Does Eminem suffer from any mental disorder?

  • The Beatles, Elvis, Michael Jackson, Eminem. There are only a few global superstars who reached the heights he has. Even mega-stars with millions upon millions of fans—like Bono, Beyoncé, Taylor Swift or Tupac—didn’t or don’t reach the same magnitude of superstardom. Global, Superstars are like saints—they generally need those three “miracles”. Phenomenons like The Beatles, Michael Jackson or Eminem change cultures, change music, and change history. The mega-superstars change more than just one thing, globally, and everything afterward is changed by them. There are superstars that change music, or change pop culture, or change the status quo. Then, there’s those ultra rare phenomena that change everything, and on a massive scale. These are the stats that have thousands of people crying and screaming and trampling each other to death just at the sight of them. They don’t just shut down traffic—people go to the hospital as barriers collapse and traffic is mowed over. It’s a phenomenon of fandom that has only happened for a rare few on a global scale. Imagine not being able to go to *anycountry in the world without people running toward you trying to grab you. We have many superstars that get this kind of reaction at their concerts—but it’s a rare few that get this reaction literally anywhere in the world.

    • Michael Jackson was the King or Pop. From ballads to dance music to radio hits to holiday music, he could do it all and at the highest level. There was no competition for Michael. He was the King of Dance, and there wasn’t a soul alive that could compete. And he invented quite a bit, from the moonwalk to “the lean”. He was exceptionally business-savvy, too, and famously bought and owned The Beatles’ catalog.

    With most rappers—and most singers—they have a particular style, particular genre, and a particular “pocket” niche of the kinds of songs they make. Take Metallica, for example. Metallica is a classic Metal band. They make metal. They don’t make country, or love ballads, or club music, or acapella singer-songwriter tunes. They have their one thing, and they’re one of the best of all time at that one thing.

    Practically any other rapper has a specific style, delivery, genre and niche. Jay-Z always sounds like Jay-Z. Nas always sounds like Nas. Those are superstars and indisputable fathers of rap, but even they don’t compare to Eminem. Eminem has that one style from the Slim Shady EP/LP that we all remember—and then he has at least dozen more. Any style, any delivery, any count at any tempo with any timing—he does and has done it all. He’s created and continues to create styles no one has ever done before….and has a range wider than anyone may ever have. He’s able to say anything, talk about any topic, and make any kind of song without it being dumb, ruining his “image” or limiting him into a niche. The fastest, the most complex, the most double and triple entandre, the most original songs, the most styles and methods, the largest vocabulary—the list just keeps going on. You can argue that other rappers with extremely unique skills can compete at that one thing—but not all of them. Joe Budden’s criticism is that he isn’t writing songs that will be played for decades anymore—that Cleanin’ our my Closet, Stan, Lose Yourself and Not Afraid were all ten years ago or longer. But if you think he won’t have at least one more “timeless” song before he’s done, I’d take that bet. It’s the story telling, ironically, that launched Eminem into stardom. It was a combination of acting, script-writing, rap, singing and poetry that hardly anything can compare to. “If I Had” and “Kim” were gut-wrenching songs that instantly made anyone feel emerged in his story. Stan was a work of genius, and Cleanin’ out my Closet (in my opinion, the best song he ever wrote) touched kids with crappy parents across the world.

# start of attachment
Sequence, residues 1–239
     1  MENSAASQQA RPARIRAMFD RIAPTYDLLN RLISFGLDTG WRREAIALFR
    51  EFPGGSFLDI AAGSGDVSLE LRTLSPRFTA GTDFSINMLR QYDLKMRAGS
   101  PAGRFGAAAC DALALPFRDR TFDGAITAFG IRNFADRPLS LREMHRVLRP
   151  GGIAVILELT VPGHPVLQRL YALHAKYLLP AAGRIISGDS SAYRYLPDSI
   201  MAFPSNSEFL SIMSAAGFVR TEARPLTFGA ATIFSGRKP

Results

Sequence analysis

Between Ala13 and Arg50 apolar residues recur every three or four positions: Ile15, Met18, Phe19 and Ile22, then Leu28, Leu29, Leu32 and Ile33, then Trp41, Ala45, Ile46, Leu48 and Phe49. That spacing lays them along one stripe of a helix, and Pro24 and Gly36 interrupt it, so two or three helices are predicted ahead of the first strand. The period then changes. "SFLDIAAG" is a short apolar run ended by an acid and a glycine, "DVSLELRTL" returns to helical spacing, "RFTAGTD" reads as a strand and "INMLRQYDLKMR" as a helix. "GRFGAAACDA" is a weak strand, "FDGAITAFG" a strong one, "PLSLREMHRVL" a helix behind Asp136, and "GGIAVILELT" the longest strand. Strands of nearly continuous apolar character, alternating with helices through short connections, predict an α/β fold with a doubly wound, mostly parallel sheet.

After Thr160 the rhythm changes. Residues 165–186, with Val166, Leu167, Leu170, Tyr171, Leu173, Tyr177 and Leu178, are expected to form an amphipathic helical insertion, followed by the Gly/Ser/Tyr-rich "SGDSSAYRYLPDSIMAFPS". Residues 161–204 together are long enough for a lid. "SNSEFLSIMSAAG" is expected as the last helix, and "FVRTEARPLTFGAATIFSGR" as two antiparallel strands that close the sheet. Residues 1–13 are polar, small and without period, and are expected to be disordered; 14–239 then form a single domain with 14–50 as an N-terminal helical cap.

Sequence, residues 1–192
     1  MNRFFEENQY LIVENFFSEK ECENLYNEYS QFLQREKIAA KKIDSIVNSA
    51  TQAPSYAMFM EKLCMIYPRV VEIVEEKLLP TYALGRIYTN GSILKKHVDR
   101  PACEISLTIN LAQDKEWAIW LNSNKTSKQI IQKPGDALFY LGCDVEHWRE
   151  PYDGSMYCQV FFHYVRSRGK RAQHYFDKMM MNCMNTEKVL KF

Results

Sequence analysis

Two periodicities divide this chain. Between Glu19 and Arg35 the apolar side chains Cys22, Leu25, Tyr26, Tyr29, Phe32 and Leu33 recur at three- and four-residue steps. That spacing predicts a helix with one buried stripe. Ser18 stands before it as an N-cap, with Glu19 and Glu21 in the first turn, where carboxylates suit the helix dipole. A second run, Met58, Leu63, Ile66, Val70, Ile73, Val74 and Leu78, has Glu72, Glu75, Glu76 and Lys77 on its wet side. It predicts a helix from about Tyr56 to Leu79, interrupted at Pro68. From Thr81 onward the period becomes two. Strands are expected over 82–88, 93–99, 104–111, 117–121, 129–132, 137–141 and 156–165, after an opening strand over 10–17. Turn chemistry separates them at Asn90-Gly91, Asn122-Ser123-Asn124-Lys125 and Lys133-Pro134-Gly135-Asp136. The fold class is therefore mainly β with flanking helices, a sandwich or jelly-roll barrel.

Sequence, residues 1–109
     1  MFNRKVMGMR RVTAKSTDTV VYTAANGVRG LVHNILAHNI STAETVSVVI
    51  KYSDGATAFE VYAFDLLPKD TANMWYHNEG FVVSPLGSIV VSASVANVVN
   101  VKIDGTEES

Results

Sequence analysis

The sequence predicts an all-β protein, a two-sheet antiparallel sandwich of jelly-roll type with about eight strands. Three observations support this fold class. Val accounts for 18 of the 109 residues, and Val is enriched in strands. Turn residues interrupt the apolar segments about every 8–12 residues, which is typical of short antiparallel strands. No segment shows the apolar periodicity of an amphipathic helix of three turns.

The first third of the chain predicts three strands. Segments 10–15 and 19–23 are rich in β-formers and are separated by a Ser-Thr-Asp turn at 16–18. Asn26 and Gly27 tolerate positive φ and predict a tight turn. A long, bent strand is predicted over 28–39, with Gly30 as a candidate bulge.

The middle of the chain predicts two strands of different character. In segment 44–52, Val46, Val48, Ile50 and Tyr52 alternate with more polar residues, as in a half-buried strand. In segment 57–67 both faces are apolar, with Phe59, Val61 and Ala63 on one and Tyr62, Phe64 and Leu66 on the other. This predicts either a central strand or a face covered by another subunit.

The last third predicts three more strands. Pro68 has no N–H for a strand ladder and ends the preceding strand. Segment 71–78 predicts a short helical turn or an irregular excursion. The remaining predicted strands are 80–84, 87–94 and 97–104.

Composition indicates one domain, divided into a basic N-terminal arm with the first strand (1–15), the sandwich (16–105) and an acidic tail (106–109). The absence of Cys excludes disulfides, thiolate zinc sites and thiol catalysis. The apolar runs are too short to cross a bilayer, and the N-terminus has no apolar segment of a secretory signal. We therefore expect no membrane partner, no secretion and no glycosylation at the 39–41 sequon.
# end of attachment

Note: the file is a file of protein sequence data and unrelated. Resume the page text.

Who else could get away with singing a nursery rhyme and rapping in baby talk, making boy band pop-ballad satire, hard core gangster rap, songs about killing cheating spouses, trash-talking themselves—let alone use words like “pout”, “boo boo” or any of the other various craziness that’s come out of his mouth and be taken seriously? Maybe one of those things, but no one but him has the ability to cover anything in any way. There used to be a niche—a limitation to what rap was, and what you could get away with saying and still be taken seriously. He changed that. Now, you’ll hear rappers intentionally sounding like a white wannabe rapper from Malibu’s Most Wanted. On purpose. Now, you’ll hear rappers intentionally drop words they could never have said in the 90’s. There was a time when all rap was in a niche, and limited to cool, tough bad-asses from the streets. Eminem changed that. It wasn’t cool to talk about being broke. It wasn’t cool to talk about not having food. There was an image with rap, and if you didn’t fit that image you didn’t belong. He opened a door to humility, and an intimacy that rap never had before. It wasn’t just his technical ability, it was exposing his personal life and every flaw, every failing and every “weakness”.

    Eminem is the best-selling hip hop artist of all time, with 170+ million albums sold worldwide. Indisputably, no one compares to his sales. He has dominated charts for three decades, and shows no sign of stopping. At his peak in 2002, he famously said he could sell a blank CD. And he could have.

    “Best rapper” is an opinion. But you can measure him by any standard and he’ll come out at the top. Are there more popular rappers in 2018? Sure. Are new artists with new talents we’ve never heard before more exciting than an artist you’ve heard from for decades? No doubt. But “best” in those cases probably just means you’re excited because it’s new.

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